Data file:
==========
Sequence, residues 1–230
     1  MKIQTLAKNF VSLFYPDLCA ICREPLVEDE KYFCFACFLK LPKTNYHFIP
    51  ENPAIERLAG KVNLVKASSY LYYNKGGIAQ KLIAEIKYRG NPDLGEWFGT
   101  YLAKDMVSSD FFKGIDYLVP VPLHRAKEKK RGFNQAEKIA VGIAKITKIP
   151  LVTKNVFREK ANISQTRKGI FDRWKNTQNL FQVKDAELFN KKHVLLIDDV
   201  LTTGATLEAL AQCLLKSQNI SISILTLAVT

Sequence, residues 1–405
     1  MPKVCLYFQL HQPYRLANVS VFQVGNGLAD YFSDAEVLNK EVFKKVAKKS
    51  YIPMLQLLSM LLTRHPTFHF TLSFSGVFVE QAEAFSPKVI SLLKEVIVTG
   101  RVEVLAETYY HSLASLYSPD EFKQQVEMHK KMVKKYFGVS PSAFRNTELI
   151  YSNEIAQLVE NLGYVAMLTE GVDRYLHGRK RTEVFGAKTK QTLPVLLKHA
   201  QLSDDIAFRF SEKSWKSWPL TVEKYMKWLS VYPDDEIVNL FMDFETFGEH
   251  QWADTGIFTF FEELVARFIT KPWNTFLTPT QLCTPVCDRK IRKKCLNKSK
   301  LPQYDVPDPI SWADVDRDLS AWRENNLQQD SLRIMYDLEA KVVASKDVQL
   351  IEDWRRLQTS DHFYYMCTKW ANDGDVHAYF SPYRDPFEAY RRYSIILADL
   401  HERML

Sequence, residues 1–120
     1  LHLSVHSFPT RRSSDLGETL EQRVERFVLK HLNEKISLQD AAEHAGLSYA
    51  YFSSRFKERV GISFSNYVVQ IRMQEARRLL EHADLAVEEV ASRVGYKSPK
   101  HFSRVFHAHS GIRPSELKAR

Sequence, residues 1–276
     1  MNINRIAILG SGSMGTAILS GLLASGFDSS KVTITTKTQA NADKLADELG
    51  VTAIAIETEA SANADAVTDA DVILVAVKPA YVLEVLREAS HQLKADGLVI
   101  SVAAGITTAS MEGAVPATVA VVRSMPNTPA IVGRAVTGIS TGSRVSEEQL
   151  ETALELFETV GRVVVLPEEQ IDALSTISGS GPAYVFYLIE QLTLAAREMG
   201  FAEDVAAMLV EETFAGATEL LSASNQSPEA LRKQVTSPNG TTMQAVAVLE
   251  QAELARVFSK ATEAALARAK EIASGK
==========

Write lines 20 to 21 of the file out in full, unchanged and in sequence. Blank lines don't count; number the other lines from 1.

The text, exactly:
   101  HFSRVFHAHS GIRPSELKAR

Sequence, residues 1–276